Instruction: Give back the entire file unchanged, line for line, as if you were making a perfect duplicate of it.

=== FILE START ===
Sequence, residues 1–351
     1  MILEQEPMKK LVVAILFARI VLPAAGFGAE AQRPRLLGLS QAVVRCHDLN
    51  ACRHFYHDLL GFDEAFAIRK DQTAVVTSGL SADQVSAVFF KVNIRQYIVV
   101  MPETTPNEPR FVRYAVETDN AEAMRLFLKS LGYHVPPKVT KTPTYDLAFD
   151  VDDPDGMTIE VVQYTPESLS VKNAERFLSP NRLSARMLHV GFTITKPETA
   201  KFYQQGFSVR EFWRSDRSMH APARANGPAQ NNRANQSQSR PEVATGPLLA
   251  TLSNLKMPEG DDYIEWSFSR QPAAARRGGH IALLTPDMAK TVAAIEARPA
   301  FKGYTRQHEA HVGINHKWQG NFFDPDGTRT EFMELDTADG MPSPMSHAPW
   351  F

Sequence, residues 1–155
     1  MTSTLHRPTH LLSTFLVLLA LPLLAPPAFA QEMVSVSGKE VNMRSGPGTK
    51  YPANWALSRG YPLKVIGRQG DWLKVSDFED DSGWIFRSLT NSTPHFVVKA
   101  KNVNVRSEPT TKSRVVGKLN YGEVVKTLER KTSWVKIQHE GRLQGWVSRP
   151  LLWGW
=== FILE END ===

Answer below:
Sequence, residues 1–351
     1  MILEQEPMKK LVVAILFARI VLPAAGFGAE AQRPRLLGLS QAVVRCHDLN
    51  ACRHFYHDLL GFDEAFAIRK DQTAVVTSGL SADQVSAVFF KVNIRQYIVV
   101  MPETTPNEPR FVRYAVETDN AEAMRLFLKS LGYHVPPKVT KTPTYDLAFD
   151  VDDPDGMTIE VVQYTPESLS VKNAERFLSP NRLSARMLHV GFTITKPETA
   201  KFYQQGFSVR EFWRSDRSMH APARANGPAQ NNRANQSQSR PEVATGPLLA
   251  TLSNLKMPEG DDYIEWSFSR QPAAARRGGH IALLTPDMAK TVAAIEARPA
   301  FKGYTRQHEA HVGINHKWQG NFFDPDGTRT EFMELDTADG MPSPMSHAPW
   351  F

Sequence, residues 1–155
     1  MTSTLHRPTH LLSTFLVLLA LPLLAPPAFA QEMVSVSGKE VNMRSGPGTK
    51  YPANWALSRG YPLKVIGRQG DWLKVSDFED DSGWIFRSLT NSTPHFVVKA
   101  KNVNVRSEPT TKSRVVGKLN YGEVVKTLER KTSWVKIQHE GRLQGWVSRP
   151  LLWGW